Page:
RNA viruses such as poliovirus have high mutation rates, and a diverse viral population is likely required for full virulence. We previously identified limitations on poliovirus spread after peripheral injection of mice expressing the human poliovirus receptor (PVR), and we hypothesized that the host interferon response may contribute to the viral bottlenecks. Here, we examined poliovirus population bottlenecks in PVR mice and in PVR mice that lack the interferon α/β receptor (PVR-IFNAR-/-), an important component of innate immunity. To monitor population dynamics, we developed a pool of ten marked polioviruses discriminated by a novel hybridization-based assay. Following intramuscular or intraperitoneal injection of the tenvirus pool, a major bottleneck was observed during transit to the brain in PVR mice, but was absent in PVR-IFNAR-/- mice, suggesting that the interferon response was a determinant of the peripheral site-to-brain bottleneck. Since poliovirus infects humans by the fecal-oral route, we tested whether bottlenecks exist after oral inoculation of PVR-IFNAR-/- mice. Despite the lack of a bottleneck following peripheral injection of PVR-IFNAR-/- mice, we identified major bottlenecks in orally inoculated animals, suggesting physical barriers may contribute to the oral bottlenecks. Interestingly, two of the three major bottlenecks we identified were partially overcome by pre-treating mice with dextran sulfate sodium, which damages the colonic epithelium. Overall, we found that viral trafficking from the gut to other body sites, including the CNS, is a very dynamic, stochastic process. We propose that multiple host barriers and the resulting limited poliovirus population diversity may help explain the rare occurrence of viral CNS invasion and paralytic poliomyelitis. These natural host barriers are likely to play a role in limiting the spread of many microbes.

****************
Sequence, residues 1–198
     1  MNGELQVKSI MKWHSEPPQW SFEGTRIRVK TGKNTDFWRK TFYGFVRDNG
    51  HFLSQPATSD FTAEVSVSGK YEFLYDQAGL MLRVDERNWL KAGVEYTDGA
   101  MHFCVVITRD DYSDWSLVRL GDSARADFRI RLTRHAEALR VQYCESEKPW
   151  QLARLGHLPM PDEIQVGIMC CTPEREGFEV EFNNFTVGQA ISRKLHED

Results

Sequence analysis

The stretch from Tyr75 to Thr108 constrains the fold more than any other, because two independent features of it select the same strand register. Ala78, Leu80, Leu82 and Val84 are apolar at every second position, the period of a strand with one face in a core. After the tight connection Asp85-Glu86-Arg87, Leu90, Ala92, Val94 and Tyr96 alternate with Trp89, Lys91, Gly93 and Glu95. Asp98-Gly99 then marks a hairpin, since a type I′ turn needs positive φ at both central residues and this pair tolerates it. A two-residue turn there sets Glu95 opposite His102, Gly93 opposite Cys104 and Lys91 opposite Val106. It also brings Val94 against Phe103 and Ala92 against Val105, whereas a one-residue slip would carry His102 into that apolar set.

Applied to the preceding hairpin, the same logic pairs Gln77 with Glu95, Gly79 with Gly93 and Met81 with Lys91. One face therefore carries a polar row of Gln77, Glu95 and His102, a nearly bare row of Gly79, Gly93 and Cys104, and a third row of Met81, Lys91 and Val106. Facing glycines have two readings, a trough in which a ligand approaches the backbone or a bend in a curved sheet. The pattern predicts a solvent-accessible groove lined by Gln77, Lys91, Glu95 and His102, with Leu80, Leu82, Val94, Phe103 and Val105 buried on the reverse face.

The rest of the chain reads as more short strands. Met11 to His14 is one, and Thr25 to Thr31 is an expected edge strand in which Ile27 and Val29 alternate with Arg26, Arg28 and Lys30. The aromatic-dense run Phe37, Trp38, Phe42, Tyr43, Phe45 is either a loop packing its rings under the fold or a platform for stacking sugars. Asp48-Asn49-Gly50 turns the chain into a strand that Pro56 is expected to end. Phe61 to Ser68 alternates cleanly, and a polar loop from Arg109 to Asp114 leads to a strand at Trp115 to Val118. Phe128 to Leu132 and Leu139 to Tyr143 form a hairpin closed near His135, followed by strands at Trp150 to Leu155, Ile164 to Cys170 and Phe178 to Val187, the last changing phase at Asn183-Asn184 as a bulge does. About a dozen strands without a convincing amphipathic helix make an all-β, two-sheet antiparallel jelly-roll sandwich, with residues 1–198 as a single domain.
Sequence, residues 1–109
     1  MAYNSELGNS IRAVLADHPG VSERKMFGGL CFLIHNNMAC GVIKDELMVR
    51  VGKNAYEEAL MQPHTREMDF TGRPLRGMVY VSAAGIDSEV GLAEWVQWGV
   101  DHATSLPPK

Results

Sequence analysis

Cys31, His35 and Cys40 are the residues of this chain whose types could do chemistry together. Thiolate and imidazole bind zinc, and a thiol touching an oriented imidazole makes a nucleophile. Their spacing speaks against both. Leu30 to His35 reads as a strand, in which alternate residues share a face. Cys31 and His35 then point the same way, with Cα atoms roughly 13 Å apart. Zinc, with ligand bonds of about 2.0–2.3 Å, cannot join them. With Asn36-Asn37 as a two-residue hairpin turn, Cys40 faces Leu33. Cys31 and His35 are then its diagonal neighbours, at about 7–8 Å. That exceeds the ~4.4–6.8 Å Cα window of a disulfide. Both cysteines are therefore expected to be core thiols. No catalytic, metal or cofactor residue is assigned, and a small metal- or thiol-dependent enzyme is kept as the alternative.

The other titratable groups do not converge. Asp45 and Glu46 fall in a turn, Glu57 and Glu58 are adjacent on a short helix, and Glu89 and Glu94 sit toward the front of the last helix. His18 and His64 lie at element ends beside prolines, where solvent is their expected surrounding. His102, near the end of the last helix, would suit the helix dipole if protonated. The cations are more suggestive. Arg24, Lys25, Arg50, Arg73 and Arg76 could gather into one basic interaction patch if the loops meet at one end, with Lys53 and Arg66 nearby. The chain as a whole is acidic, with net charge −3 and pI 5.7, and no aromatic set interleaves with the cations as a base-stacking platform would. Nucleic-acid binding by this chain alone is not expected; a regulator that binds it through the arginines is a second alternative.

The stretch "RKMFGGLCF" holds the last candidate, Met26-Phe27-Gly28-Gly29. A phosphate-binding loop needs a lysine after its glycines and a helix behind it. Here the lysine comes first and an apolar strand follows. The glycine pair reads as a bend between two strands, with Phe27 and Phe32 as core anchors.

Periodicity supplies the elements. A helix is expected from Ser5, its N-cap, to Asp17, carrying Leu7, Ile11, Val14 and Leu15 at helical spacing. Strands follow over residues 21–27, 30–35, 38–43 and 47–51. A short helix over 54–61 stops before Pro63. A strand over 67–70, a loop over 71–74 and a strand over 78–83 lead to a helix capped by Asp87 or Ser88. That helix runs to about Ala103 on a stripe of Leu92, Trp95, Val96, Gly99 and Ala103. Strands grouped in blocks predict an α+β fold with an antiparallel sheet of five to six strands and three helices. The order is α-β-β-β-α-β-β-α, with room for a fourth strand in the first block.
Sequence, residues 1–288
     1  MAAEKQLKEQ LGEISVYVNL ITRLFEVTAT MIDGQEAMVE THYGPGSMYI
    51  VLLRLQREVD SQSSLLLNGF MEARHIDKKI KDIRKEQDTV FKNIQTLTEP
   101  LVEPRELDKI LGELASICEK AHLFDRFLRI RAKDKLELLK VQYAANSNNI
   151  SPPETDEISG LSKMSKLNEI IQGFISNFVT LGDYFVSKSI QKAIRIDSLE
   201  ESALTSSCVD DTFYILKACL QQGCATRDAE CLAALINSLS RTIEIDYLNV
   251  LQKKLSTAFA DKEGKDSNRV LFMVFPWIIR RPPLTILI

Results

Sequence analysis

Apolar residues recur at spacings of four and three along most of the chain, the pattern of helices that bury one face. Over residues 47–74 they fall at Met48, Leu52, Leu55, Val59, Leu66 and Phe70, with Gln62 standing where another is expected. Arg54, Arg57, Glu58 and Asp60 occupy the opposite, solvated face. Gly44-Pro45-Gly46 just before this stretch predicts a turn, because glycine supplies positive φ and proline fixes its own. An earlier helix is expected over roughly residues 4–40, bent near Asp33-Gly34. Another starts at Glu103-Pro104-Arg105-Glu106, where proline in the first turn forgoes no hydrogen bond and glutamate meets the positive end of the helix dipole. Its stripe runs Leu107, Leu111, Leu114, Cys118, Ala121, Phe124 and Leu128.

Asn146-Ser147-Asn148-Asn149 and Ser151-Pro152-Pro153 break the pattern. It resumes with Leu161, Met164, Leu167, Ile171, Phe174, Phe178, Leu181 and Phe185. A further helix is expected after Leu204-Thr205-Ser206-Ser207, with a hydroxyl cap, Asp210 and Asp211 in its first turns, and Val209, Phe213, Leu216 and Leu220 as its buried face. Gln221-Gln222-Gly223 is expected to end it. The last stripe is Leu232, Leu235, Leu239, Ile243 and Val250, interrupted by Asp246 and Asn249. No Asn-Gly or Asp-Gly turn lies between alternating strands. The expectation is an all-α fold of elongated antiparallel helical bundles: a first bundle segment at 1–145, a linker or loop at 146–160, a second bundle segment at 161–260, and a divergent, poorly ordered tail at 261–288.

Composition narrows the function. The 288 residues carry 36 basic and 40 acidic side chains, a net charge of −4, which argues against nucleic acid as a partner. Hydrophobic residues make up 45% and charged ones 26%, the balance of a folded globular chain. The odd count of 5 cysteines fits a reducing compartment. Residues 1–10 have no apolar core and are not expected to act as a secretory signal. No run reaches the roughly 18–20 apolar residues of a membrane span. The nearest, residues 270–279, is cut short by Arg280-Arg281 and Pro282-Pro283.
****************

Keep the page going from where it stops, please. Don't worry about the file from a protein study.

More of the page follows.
ASJC Scopus subject areas
- Molecular Biology